By Joseph Peter Calleja
I’d never heard about Joey Velasco until I visited his art museum in Marikina City in the Philippines.
After going to an exhibition of Christmas nativity scenes, I noticed there was another museum next door. It was a display of Christian-themed masterpieces by the late artist.
There was a short video presentation to orient visitors as to what to expect when viewing his works.
They were modern-day depictions of the reality in Philippine society. I had the expectation that artwork only depicts the grand and the beautiful. But Velasco’s works are different. They show a country’s struggle in dealing with poverty, mostly caused by structural ills like corruption.
My senses were jolted. My standards of what is beautiful were challenged. Is a work of art beautiful if it reveals a society’s bleak and hideous situation?
One of Velasco’s captivating artworks is his modern painting of Leonardo da Vinci’s “Last Supper” called “Hapag ng Pag-asa” (A Table of Hope). The painting shows Jesus eating not with his apostles but with a group of street children in a nasty and dilapidated setting. They are not even eating at a table but on a huge delivery box used for cargo shipments.
The children with him are strangers to each other. One of them is holding a stolen bag. Another is eating together with a cat. A girl and a boy are sitting on an empty iron container facing Jesus. And one is eating on the ground with perhaps food scraps that he just got from the garbage.
These are Velasco’s imagery of children he saw on the streets of Manila. Every one in the painting was a depiction of a real child Velasco met and helped with his foundation.
“The painting reveals a story of greater hunger than a plate of rice could satisfy. What these children are starved of is love, not merely material food,” Velasco once said.
Every child in the painting has a story. Velasco wrote stories about each of them and how they inspired him in his work.
One was about an 11-year-old boy named Itok who lived in a community of gangs and criminals. Politicians and rich people hired them as goons and Itok was chained up by his mother because he was involved in a gang robbery.
Another child named Emong lived near a dam to catch non-edible fish but cooked them with vinegar and soy sauce to fill their empty bellies. His family’s house was built on cigarette cartons.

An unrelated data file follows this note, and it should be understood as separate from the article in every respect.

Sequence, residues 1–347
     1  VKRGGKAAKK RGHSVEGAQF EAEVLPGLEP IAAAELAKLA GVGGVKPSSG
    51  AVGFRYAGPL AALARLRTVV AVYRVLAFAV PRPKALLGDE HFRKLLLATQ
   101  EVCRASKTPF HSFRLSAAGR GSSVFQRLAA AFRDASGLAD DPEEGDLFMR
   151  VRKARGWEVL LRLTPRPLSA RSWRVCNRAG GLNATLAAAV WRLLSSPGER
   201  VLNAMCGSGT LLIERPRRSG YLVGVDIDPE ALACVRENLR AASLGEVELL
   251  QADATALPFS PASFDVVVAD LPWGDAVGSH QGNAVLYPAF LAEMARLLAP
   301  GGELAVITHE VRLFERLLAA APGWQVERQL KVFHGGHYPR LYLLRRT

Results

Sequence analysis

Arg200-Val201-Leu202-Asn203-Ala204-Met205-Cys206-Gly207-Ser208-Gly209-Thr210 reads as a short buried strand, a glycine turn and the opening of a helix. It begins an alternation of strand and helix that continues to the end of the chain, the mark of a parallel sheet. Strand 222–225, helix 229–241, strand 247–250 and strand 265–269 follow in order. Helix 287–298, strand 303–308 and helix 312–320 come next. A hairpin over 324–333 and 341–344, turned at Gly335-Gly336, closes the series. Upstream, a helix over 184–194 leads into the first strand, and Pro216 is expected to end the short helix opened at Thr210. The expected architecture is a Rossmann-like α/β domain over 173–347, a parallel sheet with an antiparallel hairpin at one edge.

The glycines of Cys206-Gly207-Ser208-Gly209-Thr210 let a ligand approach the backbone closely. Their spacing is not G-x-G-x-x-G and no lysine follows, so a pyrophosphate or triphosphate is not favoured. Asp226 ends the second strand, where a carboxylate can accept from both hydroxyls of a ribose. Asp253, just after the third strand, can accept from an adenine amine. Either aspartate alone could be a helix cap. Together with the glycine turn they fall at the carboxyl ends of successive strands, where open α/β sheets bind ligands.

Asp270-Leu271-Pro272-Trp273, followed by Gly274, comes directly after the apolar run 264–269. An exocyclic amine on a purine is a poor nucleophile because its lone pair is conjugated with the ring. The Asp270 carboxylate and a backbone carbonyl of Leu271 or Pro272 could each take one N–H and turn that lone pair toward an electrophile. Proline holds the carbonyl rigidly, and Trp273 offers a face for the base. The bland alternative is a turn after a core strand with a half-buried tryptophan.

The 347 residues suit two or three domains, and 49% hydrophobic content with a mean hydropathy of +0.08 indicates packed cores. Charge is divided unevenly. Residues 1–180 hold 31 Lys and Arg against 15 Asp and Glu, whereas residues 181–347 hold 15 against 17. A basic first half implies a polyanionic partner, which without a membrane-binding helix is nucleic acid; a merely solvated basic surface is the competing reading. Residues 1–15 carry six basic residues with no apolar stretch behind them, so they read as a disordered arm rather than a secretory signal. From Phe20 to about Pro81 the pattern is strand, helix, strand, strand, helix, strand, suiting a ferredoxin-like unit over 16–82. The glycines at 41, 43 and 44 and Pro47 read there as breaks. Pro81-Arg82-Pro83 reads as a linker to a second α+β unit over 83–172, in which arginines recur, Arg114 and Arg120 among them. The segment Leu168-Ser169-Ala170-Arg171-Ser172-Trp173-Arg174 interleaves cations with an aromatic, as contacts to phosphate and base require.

Meanwhile, Onse was sold to a prostitute. His stepmother danced as a stripper to put food on the table.
Tinay was a little five-year-old girl who nibbled her thumb and carried her old and dirty doll. She was an orphan after her drug-dependent parents left her with relatives who left her in the streets.
Michael was known to be a “chef of a garbage cuisine.” He scavenged and ate left over food from restaurants in Manila. He reheated or cooked them again to have something to feed his siblings.
Buknoy was a malnourished street beggar strolling along the streets of Manila. He was beaten by his mother and his brother poured boiling water on his forehead, which forced him to leave home.
Dodoy lived under a bridge in a small pigpen about one meter high, just enough for him to survive horizontally.
Joyce was sexually molested when she was 14. She had a baby at 15. The father of her child was arrested for illegal drugs, so she was forced to feed her child alone.
The one eating scraps on the ground was inspired by a Sudanese boy based on a Pulitzer Prize-winning photo in 1994 depicting the effects of famine in Sudan.
These children were Velasco’s subjects in his painting. Velasco said there were two things common to all his subjects — poverty and the love of God.
“All of them are poor. All of them have sad family backgrounds — that is why they ended up abused and in the streets. But they are all loved by Jesus. Jesus was with them despite their poverty,” Velasco said in the video presentation.
“They have a firm trust in God as a compassionate, loving father. They have nothing. They really live a hand-to-mouth existence. But they smile and say: ‘We live on the mercy of God.’
These poor people hold on to the truth that God will never abandon them, even if the walls of the earth crumble down. They begin and end their sentence with ‘If God will have mercy on us.’”
Velasco died from kidney cancer in 2010. He was 43. His work continues to raise awareness among many by showing the sufferings of Christ and Philippine society via the arts.
His widow, Queeny, says that despite battling cancer, Velasco would still paint and finish his artwork, thereby offering his pain for the sanctification of souls.
“He found hope and healing by expressing his faith through his paintings,” she says.